They take in a lot of information on expenses from the borrower, income, and other data, and it goes back and forth, and it's a long process, but it's effective.
This is meant to help the ones that fall through those cracks that are not calling their servicers, the ones who can get helped quickly, build capacity in the system.
And also, on the prime mortgages, the trends are higher in delinquencies in these Fannie Mae and Freddie Mac loans, and this should help those people get supported more.
This is meant to be an additional tool. It absolutely -- I agree with Bruce. It is not the only answer. But Sheila Bair and IndyMac have done a great job leading with their effort and model, and a lot of this has been taken place after the IndyMac model.
JEFFREY BROWN: Well, what about the other fact he cited from Sheila Bair on the IndyMac...
FAITH SCHWARTZ: Yes, I haven't -- I haven't read that, but...
JEFFREY BROWN: No, but, I mean, in the IndyMac case, they started at this 38 percent of monthly income, and that apparently didn't work, and she brought it down eventually to 31 percent. You're staying at the 38 percent in the plan announced today.
FAITH SCHWARTZ: Well, I think the investors, Fannie Mae and Freddie Mac and their regulator, and Hope Now came together with other leaders to try to get an affordable standard in the market.
If the loan-by-loan, that doesn't work, they can go lower all day long. And this does complement the Citibank announcement, Chase, Bank of America. All the announcements that are in the market are additive. They own their own portfolios. That's extremely helpful. So more people will get help through the comprehensive efforts going on in the industry.
Issues behind changing rates
JEFFREY BROWN: So, Bruce Marks, what do you want to see done now?
BRUCE MARKS: Right, I mean, this thing is much simpler than what everybody says it is. What we have to do is we have to restructure mortgages to what a homeowner can afford. It can be based on their budget or on a ratio.
But then you've got to lock it in. And what they're doing is they're not reducing interest rates permanently; they're just saying it's going to be reduced for a short period of time.
The problem is we're getting to a point where it's on a tipping. It will tip over to -- the fact of the matter is, people will start throwing their keys back at the servicers, saying, "Because I owe more than what the property is worth, I'm not going to stick in there."
Until the servicers say that we're going to reduce the interest rate to six percent, five percent, four percent, or three percent permanently, and it's going to be a fully amortizing loan, then there's no real solutions out there.
And the fact of the matter is, that's what they need to do. These are creating false expectations. But we talk about these ratios, and, what, 33 percent, 31 percent. The fact of the matter is, after the mortgage payment, people have to have enough money for food, for clothing, for transportation.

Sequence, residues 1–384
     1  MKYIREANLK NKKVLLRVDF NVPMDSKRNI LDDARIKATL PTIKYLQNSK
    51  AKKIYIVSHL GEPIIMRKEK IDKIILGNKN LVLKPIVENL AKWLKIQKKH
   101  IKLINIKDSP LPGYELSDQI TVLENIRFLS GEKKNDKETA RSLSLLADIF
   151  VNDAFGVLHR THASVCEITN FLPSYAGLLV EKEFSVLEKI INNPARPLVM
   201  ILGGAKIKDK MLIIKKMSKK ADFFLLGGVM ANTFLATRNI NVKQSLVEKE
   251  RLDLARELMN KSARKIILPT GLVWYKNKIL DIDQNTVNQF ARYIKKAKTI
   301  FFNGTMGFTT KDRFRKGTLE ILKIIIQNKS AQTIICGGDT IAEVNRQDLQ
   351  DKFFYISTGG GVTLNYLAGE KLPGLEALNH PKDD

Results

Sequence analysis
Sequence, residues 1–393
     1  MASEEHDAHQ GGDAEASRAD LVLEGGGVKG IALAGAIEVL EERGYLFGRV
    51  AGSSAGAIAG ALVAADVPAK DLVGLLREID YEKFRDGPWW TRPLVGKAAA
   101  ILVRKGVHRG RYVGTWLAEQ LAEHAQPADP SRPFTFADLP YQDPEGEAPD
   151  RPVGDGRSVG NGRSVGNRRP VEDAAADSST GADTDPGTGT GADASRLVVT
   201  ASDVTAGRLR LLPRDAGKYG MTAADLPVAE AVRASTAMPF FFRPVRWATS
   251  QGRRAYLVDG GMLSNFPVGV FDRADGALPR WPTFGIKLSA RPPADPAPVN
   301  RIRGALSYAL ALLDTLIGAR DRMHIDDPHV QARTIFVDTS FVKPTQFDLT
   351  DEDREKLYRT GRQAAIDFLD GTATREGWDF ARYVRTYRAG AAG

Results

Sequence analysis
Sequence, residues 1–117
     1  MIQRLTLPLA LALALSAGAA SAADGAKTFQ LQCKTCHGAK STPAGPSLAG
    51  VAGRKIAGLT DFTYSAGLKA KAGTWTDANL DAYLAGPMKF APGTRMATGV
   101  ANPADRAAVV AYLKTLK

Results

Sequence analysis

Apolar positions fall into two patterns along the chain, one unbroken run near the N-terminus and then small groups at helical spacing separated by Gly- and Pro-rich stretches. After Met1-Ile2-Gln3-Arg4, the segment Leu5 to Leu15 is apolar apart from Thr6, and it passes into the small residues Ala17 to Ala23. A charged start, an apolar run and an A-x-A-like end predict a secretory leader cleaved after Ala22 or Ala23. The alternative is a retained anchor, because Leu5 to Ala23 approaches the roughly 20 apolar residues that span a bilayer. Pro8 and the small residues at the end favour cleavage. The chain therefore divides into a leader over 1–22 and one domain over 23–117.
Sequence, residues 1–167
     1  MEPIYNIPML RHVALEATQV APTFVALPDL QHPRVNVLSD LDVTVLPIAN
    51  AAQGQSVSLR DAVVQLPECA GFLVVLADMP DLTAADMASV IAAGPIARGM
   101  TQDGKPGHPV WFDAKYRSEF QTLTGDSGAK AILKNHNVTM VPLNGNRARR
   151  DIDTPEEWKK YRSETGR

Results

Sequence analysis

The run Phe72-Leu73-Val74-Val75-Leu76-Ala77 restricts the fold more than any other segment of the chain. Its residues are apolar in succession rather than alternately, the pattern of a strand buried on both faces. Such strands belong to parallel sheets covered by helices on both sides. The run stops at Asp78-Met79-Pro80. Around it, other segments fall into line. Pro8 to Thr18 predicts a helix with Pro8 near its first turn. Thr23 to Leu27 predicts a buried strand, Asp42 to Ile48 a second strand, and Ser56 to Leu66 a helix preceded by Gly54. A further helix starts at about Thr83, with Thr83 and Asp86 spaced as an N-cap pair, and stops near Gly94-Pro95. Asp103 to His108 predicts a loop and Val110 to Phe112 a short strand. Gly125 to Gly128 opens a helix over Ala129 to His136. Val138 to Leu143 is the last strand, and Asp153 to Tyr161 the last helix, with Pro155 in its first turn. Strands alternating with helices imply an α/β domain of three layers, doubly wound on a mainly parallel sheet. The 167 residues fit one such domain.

JEFFREY BROWN: All right.
BRUCE MARKS: Fannie Mae has already said 38 percent does not work.
JEFFREY BROWN: OK. We have time for a response to that.
FAITH SCHWARTZ: Yes, I just want to clarify, this actually does reduce the rate as low as Bruce has said, and that's part of the combination of what's being offered here.
BRUCE MARKS: But not permanently it does not.
FAITH SCHWARTZ: Right. So the program has outlined that it will be for five years to reduce significantly the rate as much as needed to meet that affordability target. And then, as it steps up, it is just one percent a year until it's the lower of the note rate or the Freddie Mac current yield.
So it is meant to be a market rate...
BRUCE MARKS: But if the...
FAITH SCHWARTZ: ... excuse me, Bruce -- a market rate at the end of that and not to have any rate shock for the borrower. This really is intended to be affordable, and get people through a hard time, and work with all the tools. I think it's a great step forward...
JEFFREY BROWN: All right, Bruce, very quickly. Very quickly, Bruce.
BRUCE MARKS: Thank you. It's not real. If you need to reduce the payment, lock it in, because people will stay in their homes if they have an affordable payment over the long term.
JEFFREY BROWN: OK.
BRUCE MARKS: If they think it's going to increase, they're not going to stay in their homes, and we're going to have many, many more foreclosures.
JEFFREY BROWN: All right, I promise we will continue this discussion as the government does. Bruce Marks and Faith Schwartz, thanks very much.
FAITH SCHWARTZ: Thank you.